Thaksin’s return will not affect moves to form new govt, says Move Forward

Chaithawat Tulathon, the party’s secretary-general, said every Thai should be able to return home to enter the judicial process.

The Nation

The Nation



July 27, 2023

BANGKOKMove Forward Party said that former PM Thaksin Shinawatra’s plan to return to Thailand next month would not affect the eight-party bloc’s efforts to form the next coalition.

Chaithawat Tulathon, the party’s secretary-general, said on Wednesday that Thaksin’s plan to return on August 10 had nothing to do with the Pheu Thai Party’s moves to form a coalition government.

He added that he had no details about Thaksin’s return, but said every Thai should be able to return home to enter the judicial process.

On Wednesday, Thaksin’s youngest daughter Paetongtarn Shinawatra said in a Facebook post that her father was landing at Don Mueang International Airport on August 10.

When asked to confirm rumours that a person respected by Move Forward MPs had travelled to meet Thaksin in Hong Kong on his birthday on Wednesday, Chaithawat said he did not think there was such a meeting.

Unconfirmed reports say that this person was asked by Thaksin to talk Move Forward into backing down from its stand to amend Article 112 of the Penal Code or lese majeste law, so it can remain part of the Pheu Thai-led coalition.

Senators, who effectively blocked Pita from winning the PM’s post, have threatened to withdraw support for Pheu Thai if Move Forward remains in the bloc.

Will Move Forward back down?

When asked to confirm if Move Forward is willing to give up its stance to amend the law, Chaithawat said his party will decide after meeting the other seven members of the alliance.

On Tuesday, Pheu Thai cancelled a meeting with the coalition partners after the ombudsmen asked Constitutional Court to rule whether parliamentarians can cite a meeting regulation to block Pita’s renomination for the next PM vote.

Chaithawat also said that no Move Forward leader needed to talk to Thaksin because the next government was being formed through meetings with alliance partners and meetings between the two largest parties – Move Forward and Pheu Thai.

He added that Move Forward also disagreed with the ombudsmen’s request for the Constitutional Court to annul the parliamentary decision to block Pita’s renomination.

Chaithawat explained that Move Forward considers the Parliament as a branch of sovereign power, independent from the judiciary.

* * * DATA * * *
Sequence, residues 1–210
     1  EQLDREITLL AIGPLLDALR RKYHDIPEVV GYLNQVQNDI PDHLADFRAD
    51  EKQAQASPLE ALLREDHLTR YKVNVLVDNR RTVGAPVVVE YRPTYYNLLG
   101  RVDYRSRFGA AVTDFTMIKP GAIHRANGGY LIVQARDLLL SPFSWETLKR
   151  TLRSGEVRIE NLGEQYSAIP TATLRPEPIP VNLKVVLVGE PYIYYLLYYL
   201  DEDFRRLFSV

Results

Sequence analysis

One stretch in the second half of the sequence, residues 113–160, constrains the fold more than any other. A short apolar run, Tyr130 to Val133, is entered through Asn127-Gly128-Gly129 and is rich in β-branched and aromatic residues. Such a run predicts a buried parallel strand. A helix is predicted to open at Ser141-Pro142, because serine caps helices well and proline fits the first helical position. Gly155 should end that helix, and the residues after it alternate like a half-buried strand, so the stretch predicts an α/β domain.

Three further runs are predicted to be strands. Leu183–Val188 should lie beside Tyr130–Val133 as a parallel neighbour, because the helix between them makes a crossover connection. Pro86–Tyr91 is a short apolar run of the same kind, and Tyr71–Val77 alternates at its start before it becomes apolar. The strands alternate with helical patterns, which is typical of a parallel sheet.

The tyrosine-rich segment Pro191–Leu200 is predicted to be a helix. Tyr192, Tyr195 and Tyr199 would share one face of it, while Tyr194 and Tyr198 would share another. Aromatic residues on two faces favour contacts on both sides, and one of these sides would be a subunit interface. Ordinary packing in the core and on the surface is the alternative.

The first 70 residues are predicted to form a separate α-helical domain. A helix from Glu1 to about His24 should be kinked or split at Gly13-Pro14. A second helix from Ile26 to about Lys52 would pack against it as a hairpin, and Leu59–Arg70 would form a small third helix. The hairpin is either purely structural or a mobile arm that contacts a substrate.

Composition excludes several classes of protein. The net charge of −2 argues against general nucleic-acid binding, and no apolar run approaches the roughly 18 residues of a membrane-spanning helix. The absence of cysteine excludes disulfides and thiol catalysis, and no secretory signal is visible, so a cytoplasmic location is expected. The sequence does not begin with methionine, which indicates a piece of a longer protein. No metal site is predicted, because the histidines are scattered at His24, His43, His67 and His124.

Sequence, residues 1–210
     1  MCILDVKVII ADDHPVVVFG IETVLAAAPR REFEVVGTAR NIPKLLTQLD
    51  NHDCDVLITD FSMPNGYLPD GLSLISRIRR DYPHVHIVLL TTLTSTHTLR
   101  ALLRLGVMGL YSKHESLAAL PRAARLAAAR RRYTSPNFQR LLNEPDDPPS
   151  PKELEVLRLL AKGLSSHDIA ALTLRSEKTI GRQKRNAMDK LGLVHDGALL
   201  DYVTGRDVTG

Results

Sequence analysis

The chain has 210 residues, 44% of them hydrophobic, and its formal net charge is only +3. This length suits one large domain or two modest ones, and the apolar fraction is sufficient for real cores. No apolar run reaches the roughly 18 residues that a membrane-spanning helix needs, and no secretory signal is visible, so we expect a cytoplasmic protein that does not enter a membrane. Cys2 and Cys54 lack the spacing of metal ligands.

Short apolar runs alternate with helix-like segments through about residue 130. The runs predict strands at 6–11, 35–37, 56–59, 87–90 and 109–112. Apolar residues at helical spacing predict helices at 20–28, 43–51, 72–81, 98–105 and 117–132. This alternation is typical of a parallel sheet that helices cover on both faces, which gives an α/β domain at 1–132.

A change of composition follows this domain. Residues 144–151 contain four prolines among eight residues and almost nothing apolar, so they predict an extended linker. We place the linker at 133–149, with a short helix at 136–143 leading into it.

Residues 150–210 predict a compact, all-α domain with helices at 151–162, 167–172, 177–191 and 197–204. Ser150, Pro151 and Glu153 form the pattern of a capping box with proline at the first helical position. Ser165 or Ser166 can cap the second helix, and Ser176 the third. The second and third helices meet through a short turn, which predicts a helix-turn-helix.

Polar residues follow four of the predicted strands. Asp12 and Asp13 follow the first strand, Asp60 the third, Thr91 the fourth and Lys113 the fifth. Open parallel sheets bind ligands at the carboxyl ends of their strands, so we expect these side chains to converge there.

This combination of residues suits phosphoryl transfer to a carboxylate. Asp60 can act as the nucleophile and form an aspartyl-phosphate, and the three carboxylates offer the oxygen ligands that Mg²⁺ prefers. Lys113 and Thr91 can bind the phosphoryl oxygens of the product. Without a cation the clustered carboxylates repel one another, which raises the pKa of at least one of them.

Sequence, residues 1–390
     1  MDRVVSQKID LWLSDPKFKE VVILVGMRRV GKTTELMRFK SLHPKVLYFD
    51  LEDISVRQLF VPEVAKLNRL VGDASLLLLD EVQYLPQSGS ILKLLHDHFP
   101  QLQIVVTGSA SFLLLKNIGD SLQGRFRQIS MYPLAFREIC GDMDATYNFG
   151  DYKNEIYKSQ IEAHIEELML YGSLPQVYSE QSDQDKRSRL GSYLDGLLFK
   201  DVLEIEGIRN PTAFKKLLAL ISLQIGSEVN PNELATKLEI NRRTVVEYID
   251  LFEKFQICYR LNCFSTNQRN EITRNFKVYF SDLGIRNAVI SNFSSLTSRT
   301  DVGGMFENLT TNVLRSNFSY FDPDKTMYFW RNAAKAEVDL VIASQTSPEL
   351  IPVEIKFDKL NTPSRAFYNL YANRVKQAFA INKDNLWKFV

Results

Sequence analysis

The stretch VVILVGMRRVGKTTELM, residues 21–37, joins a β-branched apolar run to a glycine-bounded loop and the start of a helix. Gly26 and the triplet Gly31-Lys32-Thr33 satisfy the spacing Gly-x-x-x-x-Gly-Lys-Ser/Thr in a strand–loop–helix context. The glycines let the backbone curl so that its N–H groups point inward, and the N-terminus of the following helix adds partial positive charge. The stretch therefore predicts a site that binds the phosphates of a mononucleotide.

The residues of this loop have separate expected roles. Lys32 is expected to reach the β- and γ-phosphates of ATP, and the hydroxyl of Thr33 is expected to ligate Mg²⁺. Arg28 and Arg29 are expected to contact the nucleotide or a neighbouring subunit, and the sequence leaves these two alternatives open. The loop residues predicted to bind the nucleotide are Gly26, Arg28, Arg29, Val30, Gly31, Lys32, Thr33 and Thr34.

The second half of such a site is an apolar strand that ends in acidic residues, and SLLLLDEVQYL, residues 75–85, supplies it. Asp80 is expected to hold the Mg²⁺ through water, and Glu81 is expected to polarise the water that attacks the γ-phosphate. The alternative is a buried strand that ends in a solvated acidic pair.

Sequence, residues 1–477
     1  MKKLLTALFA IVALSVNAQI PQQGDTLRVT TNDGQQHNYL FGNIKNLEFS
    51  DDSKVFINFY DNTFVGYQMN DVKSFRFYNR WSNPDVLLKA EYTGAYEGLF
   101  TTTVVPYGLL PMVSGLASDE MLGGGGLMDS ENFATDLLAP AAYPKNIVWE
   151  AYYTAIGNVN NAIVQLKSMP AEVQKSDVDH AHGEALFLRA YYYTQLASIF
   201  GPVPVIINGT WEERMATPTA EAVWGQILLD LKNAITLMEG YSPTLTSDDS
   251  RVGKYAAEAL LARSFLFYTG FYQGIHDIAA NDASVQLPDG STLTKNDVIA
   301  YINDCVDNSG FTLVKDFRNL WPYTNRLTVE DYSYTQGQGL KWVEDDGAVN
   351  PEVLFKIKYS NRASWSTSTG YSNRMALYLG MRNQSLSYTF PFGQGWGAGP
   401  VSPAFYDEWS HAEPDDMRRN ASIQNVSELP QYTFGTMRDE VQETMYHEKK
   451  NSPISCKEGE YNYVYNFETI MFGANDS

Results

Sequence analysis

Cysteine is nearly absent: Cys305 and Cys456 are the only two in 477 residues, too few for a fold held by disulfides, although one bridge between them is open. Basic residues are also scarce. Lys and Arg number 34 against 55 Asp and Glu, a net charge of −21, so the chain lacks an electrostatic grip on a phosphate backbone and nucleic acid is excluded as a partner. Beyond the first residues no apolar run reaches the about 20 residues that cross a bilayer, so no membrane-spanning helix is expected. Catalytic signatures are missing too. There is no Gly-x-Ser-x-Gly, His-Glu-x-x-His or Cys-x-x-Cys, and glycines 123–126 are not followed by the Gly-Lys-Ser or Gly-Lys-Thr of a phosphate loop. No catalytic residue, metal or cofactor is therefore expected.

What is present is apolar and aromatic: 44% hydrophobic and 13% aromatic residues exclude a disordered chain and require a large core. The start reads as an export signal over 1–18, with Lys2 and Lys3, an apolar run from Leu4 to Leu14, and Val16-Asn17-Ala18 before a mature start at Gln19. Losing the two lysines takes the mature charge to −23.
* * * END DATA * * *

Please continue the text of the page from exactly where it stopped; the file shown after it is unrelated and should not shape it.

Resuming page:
Dissolution in sight?

As for Move Forward being accused of acting against the parliamentary system by seeking to amend the lese majeste law, Chaithawat said his party had asked the charter court to give it more than just 15 days to present a written defence.

The party is awaiting a reply from the court, he added.

He also said that he does not think this case will lead to Move Forward’s dissolution because the petition only sought a court order to prohibit the party from amending the lese majeste law.

As for whether Move Forward can replace Pheu Thai as coalition leader, Chaithawat said anything was possible in politics.

“But first of all, there should be a way to allow the same PM candidate to be renominated,” he said.

Chaithawat added that he did not know whether Pheu Thai and other partners would cancel the memorandum of understanding (MoU), which was signed when Move Forward led the coalition. He said he would only know after the eight-party bloc met again.

Several Pheu Thai MPs and leading members of the bloc said the MoU should no longer be binding, as Pheu Thai has replaced Move Forward as leader.

Chaithawat added that Move Forward simply wanted to follow voters’ wish to see the first and second election winners form a coalition government together. Move Forward won 151 MP seats and Pheu Thai 141 in the May 14 election.

The Move Forward secretary-general added that delaying the formation of a new government by 10 months, when the current senators’ tenure ends was possible theoretically, but it would take too long.

“Anyway, I believe the eight parties of the bloc, especially the first and second parties, will still hold hands firmly,” Chaithawat concluded.

scroll to top